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Solve this Electronics Mystery

  1. Jun 18, 2009 #1
    Solve this Electronics Mystery!!!

    Hey guys - I really need some help from you experts. My elderly mother and father-in-law have two electrical devices that are, for unexplained reasons, totally incompatible with each other. I need some ideas to identify solutions for this bizarre problem.
    1. The first device is a Philips Lifeline. This is basically a medical emergency system. You push a button on a device around your neck, which activates a speaker phone that calls for emergency services. Other than in an emergency, it should not be placing any calls.
    2. The second device is a Landel Mailbug. This is basically a low tech email system. Periodically, this system will call an 800 number and download or send any emails.
    3. Each device is plugged into a 2-way telephone splitter that connects into the same phone jack.
    Now, the Lifeline was installed two weeks ago. Ever since then, the Mailbug has been very undependable. It may be several days before it will download or send messages. When we contacted Landel, the mailbug company, they confirmed that they are aware of an incompatibility issue with Lifeline. However, even their techs are clueless as to why it's happening. Lifeline is not aware of any problems.

    SO --- can any of you electrical experts explain to me how this could be happening? I'm not an electrical engineer, but I was hoping that one of you could give me some ideas as to how to fix this problem.

  2. jcsd
  3. Jun 18, 2009 #2
    Re: Solve this Electronics Mystery!!!

    is it possible the Landel Mailbug requires a filter, as it is passing data? Much like a broadband DSL line uses a filter on a phone line. Although, in DSL the filter is used to filter out the higher frequencies of the data so that there is no interferece with voice transmission.

    just a thought :redface:
  4. Jun 19, 2009 #3
    Re: Solve this Electronics Mystery!!!

    Does the Landel Mailbug work ok with other phones on that phone line? Do other phones on that line work ok with the Philips Lifeline connected?

    First I would disconnect the Philips Lifeline and check if the Landel Mailbug again works correctly.

    If so, I would check the voltage on the phone line to verify if it is about the correct voltage.

    Then I would reconnect the Philips Lifeline and see if the phone line voltage changes, it shouldn't.

    Does the Philips Lifeline have a test number that you can call to make sure it is operating correctly without calling an ambulance? If so, I would check it with the Landel Mailbug connected.

    Have you considered what would happen if the Philips Lifeline tried to make an emergency call exactly when the Landel mailbug was dialing out?
  5. Jun 19, 2009 #4


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    Staff: Mentor

    Re: Solve this Electronics Mystery!!!

    Maybe consider having a 2nd phone line/number activated for the house. It uses the existing wiring (there are 2 twisted pairs in most phone installations in homes), so all you have to do is have the phone company activate the 2nd line (youneed to pay extra on your phone bill, but generally it isn't too much).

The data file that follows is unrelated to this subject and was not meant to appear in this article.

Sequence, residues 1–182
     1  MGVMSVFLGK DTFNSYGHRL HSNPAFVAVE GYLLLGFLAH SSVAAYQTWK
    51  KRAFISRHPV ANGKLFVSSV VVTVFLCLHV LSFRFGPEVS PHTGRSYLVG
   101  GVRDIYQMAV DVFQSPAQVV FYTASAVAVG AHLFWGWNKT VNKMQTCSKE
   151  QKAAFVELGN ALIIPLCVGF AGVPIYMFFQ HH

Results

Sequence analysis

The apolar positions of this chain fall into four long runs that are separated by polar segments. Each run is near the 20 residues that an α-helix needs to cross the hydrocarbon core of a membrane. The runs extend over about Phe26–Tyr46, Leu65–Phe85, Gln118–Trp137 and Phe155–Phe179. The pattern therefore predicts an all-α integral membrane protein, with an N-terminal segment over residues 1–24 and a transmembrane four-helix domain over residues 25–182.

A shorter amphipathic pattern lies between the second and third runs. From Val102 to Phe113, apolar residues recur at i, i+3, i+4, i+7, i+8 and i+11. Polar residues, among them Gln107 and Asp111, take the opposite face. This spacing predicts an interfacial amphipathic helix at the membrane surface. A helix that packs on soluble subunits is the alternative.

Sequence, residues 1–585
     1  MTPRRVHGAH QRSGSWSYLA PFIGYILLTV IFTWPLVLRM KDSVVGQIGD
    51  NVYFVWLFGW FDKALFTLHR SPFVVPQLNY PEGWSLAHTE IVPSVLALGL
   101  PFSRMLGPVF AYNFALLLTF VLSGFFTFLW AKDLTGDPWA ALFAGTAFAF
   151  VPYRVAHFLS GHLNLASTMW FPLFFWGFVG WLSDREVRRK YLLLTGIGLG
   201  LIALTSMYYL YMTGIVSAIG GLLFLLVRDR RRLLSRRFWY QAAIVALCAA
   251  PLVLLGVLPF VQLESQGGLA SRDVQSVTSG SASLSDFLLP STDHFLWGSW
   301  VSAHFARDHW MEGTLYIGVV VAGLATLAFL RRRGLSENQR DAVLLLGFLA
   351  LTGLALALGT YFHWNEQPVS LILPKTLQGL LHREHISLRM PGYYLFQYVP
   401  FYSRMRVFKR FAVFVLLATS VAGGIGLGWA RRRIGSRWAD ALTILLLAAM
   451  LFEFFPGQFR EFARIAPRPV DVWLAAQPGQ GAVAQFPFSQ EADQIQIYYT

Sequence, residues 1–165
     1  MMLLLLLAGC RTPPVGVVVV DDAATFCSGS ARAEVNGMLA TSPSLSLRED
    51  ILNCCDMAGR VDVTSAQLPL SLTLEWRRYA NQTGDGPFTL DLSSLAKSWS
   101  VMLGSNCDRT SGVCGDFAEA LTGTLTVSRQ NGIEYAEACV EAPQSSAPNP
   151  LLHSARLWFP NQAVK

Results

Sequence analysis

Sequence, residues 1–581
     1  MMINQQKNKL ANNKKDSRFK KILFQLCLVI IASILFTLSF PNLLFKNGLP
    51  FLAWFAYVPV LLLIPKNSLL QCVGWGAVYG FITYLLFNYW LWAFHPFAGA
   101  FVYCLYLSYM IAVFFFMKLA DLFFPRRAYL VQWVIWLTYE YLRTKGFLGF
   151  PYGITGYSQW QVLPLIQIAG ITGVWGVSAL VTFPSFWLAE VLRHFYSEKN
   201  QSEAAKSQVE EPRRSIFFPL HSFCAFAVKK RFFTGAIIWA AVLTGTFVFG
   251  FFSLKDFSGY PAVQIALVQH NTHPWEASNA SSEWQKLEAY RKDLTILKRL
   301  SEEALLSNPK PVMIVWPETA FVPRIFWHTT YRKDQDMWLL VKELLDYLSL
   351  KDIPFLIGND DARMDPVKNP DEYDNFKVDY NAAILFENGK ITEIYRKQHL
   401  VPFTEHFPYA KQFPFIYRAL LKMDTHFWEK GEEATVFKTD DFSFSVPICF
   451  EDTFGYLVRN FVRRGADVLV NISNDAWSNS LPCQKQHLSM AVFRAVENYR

Then, you use a different kind of splitter to split the 2 phone lines at the jack -- it just connects to either one of the two pairs in the jack. This also rules out the problem that skeptic2 alludes to, where an e-mail exchange could block an emergency call for some amount of time.
  6. Jun 19, 2009 #5
    Re: Solve this Electronics Mystery!!!

    Thanks for all of the ideas. Here is an update to your questions and ideas.
    1. The manufacturer does not provide or mention a filter, so I doubt it. But, who knows. If I can put my hands on a DSL filter, I'll give that a shot.
    2. Unplugging the Lifeline does "fix" the Mailbug.
    3. There is a way to test the Lifeline. We'll do that at our next opportunity.
    4. The Mailbug is supposed to disconnect automatically whenever someone is on the line.
    5. Checking the voltage is an interesting idea. So, if the voltage is different, how do I fix that?
    6. The house is probably 40-50 years old. I doubt it is wired for two phones. But, I did consider adding a second phone.
    Do you think moving one of the devices to a different phone jack would make a difference? I doubt it.
  7. Jun 19, 2009 #6


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    Staff: Mentor

    Re: Solve this Electronics Mystery!!!

    Depending on your area, the phone company may have at least terminated the in-house wiring at an exterior phone box. Around here, the phone company has a policy of debugging phone problems up to that box, but beyond that box, it's your responsibility (they will help for a fee of course).

    So if you have such a box, you can look at it to see if there are two twisted pairs terminated there. If so, it's much easier for the phone company to activate a 2nd line. Most phone cables for in-home use have had at least two twisted pairs in them for a pretty long time, I believe.
  8. Jun 20, 2009 #7
    Re: Solve this Electronics Mystery!!!

    Maybe the Lifeline is doing also going off hook occasionally to verify that the line is live and this could be disturbing the Mailbug. Measuring the line voltage with and without the Lifeline attached would tell you if the Lifeline is pulling the line down.

    One thing I don't understand is if the Mailbug is in the middle of downloading mail and the lifeline goes off hook, how does the Lifeline or any other phone get a dial tone? The Mailbug may have hung up but only after it detects another phone going off hook. At no time has the line been disconnected between calls.
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